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United States Department of Agriculture

Agricultural Research Service

Research Project: MANAGEMENT TECHNOLOGIES FOR ARID RANGELANDS

Location: Range Management Research

Title: Rangeland and pasture monitoring: An approach to interpretation of high-resolution imagery focused on observer calibration for repeatability

Authors
item Duniway, Michael -
item Karl, Jason
item Schrader, Theodore
item Baquera, Noemi -
item Herrick, Jeffrey

Submitted to: Environmental Monitoring and Assessment
Publication Type: Peer Reviewed Journal
Publication Acceptance Date: June 30, 2011
Publication Date: July 23, 2011
Repository URL: http://handle.nal.usda.gov/10113/57243
Citation: Duniway, M., Karl, J.W., Schrader, T.S., Baquera, N., Herrick, J.E. 2012. Rangeland and pasture monitoring: An approach to interpretation of high-resolution imagery focused on observer calibration for repeatability. Environmental Monitoring and Assessment. 184(6):3789-3804.

Interpretive Summary: Standard techniques for obtaining assessment and monitoring data are important for supporting policy and management at all scales. While remote sensing techniques have shown promise for collecting plant community composition and ground cover data efficiently, more work needs to be done, to evaluate whether these techniques are sufficiently feasible, cost effective and repeatable for application in large monitoring programs. The goal of this study was to design and test an image-interpretation approach for collecting plant community composition and ground cover data appropriate for local and continental-scale assessment and monitoring of grassland, shrubland, savanna, and pasture ecosystems. We developed a geographic information system image-interpretation tool that uses points classified by experts to calibrate observers, including point-by-point training and quantitative quality control limits. To test this approach, field data and high-resolution imagery (~3 cm ground sampling distance) were collected concurrently at 54 plots located around the United States. Seven observers with little prior experience used the system to classify 300 points in each plot into ten cover types (grass, shrub, soil, etc.). A training and calibration system like the one we described above is critical if high resolution, remotely-sensed data are to be used in national-level surveys that collect fine-scale data on plant community composition and ground cover. An image interpretation system like the one described in this paper could help maximize the potential of expensive-to-collect field data by allowing it to serve as a validation data source for data collected via image interpretation. However, with the increasing availability of high-resolution imagery, novel procedures are needed that collect reliable data with a minimal time requirement by experts. Results presented in this paper indicate the image-interpretation system developed could help fill that resource gap by transferring expert knowledge to non-experts.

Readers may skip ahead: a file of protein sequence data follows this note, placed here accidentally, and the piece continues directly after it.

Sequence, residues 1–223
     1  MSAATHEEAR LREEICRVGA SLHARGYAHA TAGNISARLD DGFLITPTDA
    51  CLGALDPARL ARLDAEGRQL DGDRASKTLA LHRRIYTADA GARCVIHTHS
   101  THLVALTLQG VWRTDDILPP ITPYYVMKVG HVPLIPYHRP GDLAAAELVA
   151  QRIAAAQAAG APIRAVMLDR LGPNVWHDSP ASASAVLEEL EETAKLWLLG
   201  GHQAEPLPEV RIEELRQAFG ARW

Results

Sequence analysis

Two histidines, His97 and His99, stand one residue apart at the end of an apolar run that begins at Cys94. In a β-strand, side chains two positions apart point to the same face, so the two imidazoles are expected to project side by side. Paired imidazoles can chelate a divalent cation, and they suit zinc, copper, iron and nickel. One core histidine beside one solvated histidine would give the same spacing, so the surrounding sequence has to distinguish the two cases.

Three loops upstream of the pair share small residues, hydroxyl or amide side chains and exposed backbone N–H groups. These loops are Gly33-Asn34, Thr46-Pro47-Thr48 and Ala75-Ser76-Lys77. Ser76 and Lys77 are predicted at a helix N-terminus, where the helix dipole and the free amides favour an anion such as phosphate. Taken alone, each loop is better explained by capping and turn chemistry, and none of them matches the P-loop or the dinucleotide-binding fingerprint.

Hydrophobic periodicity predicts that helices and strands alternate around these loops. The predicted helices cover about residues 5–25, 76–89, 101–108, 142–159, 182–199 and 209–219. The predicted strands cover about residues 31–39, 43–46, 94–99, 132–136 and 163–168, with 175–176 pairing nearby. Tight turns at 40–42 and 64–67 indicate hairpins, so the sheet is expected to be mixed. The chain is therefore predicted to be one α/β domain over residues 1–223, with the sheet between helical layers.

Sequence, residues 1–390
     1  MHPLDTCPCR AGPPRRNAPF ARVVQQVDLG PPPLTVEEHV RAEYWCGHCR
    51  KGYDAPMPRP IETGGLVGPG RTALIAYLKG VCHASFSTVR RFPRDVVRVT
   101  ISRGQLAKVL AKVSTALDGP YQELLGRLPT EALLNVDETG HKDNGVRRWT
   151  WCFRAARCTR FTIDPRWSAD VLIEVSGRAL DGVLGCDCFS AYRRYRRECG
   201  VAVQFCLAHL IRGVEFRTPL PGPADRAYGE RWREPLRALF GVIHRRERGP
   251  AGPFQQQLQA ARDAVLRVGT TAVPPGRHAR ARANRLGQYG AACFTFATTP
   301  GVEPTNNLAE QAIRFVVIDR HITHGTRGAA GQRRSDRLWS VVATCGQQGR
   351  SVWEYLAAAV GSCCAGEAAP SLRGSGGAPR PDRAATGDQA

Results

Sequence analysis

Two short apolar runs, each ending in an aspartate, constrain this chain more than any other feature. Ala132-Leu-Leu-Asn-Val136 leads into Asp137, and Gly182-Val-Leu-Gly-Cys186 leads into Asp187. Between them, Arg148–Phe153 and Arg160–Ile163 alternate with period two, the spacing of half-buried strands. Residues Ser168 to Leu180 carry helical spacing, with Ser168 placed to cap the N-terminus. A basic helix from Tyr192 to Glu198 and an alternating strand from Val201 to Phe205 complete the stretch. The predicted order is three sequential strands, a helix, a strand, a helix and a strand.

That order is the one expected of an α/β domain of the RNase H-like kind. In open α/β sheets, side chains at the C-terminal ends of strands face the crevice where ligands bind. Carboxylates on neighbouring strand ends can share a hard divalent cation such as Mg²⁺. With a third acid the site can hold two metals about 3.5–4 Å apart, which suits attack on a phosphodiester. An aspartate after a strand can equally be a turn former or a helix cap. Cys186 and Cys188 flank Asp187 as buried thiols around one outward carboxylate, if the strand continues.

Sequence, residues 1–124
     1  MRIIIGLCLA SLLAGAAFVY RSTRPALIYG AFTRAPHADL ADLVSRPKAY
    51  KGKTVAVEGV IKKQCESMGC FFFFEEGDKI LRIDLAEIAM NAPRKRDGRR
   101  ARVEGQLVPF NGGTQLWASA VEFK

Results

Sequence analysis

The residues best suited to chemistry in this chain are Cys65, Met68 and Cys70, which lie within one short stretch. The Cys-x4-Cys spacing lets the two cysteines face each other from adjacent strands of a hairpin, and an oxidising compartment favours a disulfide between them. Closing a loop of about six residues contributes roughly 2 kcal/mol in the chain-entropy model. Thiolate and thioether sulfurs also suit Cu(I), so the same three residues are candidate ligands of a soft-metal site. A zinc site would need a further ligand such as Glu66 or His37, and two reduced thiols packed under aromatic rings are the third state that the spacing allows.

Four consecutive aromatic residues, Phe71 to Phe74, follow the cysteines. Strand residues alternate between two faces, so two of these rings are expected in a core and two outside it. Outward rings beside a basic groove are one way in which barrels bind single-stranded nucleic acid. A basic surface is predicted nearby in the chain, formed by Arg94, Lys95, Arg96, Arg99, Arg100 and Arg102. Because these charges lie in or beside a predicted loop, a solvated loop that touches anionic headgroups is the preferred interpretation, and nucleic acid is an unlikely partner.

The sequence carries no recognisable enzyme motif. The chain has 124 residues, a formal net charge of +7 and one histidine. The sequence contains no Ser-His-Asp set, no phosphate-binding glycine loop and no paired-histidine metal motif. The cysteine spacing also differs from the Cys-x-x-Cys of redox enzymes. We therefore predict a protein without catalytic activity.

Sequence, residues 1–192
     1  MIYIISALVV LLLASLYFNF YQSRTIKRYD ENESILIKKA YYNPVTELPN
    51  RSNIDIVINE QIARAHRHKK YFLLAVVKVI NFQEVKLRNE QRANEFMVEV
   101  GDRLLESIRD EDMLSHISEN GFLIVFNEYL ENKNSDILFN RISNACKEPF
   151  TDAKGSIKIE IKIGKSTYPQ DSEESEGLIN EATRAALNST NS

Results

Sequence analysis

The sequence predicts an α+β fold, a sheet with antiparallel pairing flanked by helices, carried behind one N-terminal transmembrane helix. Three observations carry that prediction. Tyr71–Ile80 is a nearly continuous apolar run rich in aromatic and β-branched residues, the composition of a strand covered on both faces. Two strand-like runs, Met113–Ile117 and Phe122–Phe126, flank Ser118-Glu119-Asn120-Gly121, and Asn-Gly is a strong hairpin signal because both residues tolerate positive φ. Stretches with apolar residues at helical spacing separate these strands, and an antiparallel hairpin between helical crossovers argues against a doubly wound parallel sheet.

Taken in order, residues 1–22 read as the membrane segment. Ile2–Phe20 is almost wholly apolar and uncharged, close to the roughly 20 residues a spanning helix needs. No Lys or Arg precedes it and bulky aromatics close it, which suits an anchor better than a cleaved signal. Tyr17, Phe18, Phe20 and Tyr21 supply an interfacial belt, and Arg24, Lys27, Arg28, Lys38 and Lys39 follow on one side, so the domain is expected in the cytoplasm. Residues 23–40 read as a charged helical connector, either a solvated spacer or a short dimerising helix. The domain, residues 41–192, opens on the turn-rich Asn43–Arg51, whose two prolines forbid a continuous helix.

Technical Abstract: Collection of standardized assessment and monitoring data is critically important for supporting policy and management at local to continental scales. Remote sensing techniques, including image interpretation, have shown promise for collecting plant community composition and ground cover data efficiently. More work needs to be done, however, evaluating whether these techniques are sufficiently feasible, cost effective and repeatable to be applied in large programs. The goal of this study was to design and test an image-interpretation approach for collecting plant community composition and ground cover data appropriate for local and continental-scale assessment and monitoring of grassland, shrubland, savanna, and pasture ecosystems. We developed a geographic information system image-interpretation tool that uses points classified by experts to calibrate observers, including point-by-point training and quantitative quality control limits. To test this approach, field data and high-resolution imagery (~3 cm ground sampling distance) were collected concurrently at 54 plots located around the United States. Seven observers with little prior experience used the system to classify 300 points in each plot into ten cover types (grass, shrub, soil, etc.). Good agreement among observers was achieved, with little detectable bias and low variability among observers (coefficient of variation in most plots < 0.5). There was a predictable relationship between field and image-interpreter data (R2 > 0.9); suggesting regression-based adjustments can be used to relate image and field data. This approach could extend the utility of expensive-to-collect field data by allowing it to serve as a validation data source for data collected via image interpretation.

Last Modified: 7/31/2014